ESP Block Versus Wound Infiltration for Laminectomy

  • End date
    May 20, 2023
  • participants needed
  • sponsor
    University of Padova
Updated on 14 June 2022


Spinal surgery is often burdened by perioperative pain and its treatment presently represents a challenge for anesthetists. An inadequate intra and postoperative analgesic therapy leads to a delay in the mobilization of the patients, prolonged hospital stay and thromboembolic complications, as well as the onset of chronic pain syndromes . Effective pain treatment can help improve surgical outcome for patients undergoing spinal surgery. From the pathophysiological point of view pain in vertebral surgery can originate from different anatomical structures: vertebrae, discs, ligaments, dura mater, facet joints, muscles and skin-subcutis. The terminal innervation of these tissues originate from the dorsal branches of the spinal nerves, and this represents a target a multimodal approach to perioperative analgesia in vertebral surgery. Systemically administered drugs such as NSAIDs, opioids, ketamine, intravenous lidocaine could benefit from the addition of locoregional therapies such as neuraxial blocks (anesthesia peridural or subarachnoid) or as shown more recently by other anesthesia techniques locoregional ultrasound-guided In recent years the anesthesiological interest has focused on the Erector Spinae Plane Block (ESPB). First described by Forero et al, it is a paraspinal interfascial block targeting the dorsal and ventral branches of the spinal nerves just after their emergence from the spinal cord. In the ultrasound-guided technique the local anesthetic is injected between the deep fascia of the muscle itself and the transverse processes of the vertebrae at the level interested. The aim of this study is to evaluate the efficacy of ESPB when compared to wound infiltration in patients undergoing laminectomy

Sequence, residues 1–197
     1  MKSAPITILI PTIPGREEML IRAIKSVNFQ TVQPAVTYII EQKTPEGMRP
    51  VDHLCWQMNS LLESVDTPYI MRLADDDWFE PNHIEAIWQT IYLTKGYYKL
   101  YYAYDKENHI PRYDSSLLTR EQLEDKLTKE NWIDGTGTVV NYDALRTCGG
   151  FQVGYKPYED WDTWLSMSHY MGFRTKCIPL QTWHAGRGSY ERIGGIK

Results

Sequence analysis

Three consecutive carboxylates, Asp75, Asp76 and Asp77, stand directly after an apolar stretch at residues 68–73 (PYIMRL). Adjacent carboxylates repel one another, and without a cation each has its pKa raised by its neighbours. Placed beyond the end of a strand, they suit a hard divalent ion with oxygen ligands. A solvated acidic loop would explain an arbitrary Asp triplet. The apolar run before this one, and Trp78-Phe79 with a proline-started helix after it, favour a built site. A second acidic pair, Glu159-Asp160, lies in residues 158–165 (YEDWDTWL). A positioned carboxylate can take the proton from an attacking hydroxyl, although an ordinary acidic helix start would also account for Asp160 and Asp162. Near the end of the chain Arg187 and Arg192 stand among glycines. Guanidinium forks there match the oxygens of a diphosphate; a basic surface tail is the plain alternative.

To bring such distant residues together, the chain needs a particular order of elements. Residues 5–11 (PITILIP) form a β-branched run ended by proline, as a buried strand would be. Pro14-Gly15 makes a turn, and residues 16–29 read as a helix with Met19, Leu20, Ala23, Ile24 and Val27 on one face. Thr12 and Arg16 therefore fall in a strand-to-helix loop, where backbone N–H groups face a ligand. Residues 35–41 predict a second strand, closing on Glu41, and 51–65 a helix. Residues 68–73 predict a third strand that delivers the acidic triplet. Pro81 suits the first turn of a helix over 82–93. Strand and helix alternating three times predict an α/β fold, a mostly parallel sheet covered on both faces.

Condition Pain, Postoperative, Opioid Use, Anesthesia, Local, Surgery
Treatment ESP block with saline, Wound infiltration with saline, ESP block with local anesthetic, Wound infiltration with local anesthetic
Clinical Study IdentifierNCT05271331
SponsorUniversity of Padova
Last Modified on14 June 2022


Yes No Not Sure

Inclusion Criteria

Planned 1 or 2 level surgical laminectomy

Exclusion Criteria

Allergy to local anesthetics
Refusal of consent
Uncompensated cardiopathies, nephropathies, liver disease or peripheral neuropathies
Hemopathies that predispose to bleeding
Gastrointestinal ulcer or bleeding
Local infection
Psychiatric or neurological disorders (except those attributed to primary disease for which intervention is planned) History of abuse (or use in the 24 hours prior to surgery) Alcohol addiction ASA > 3
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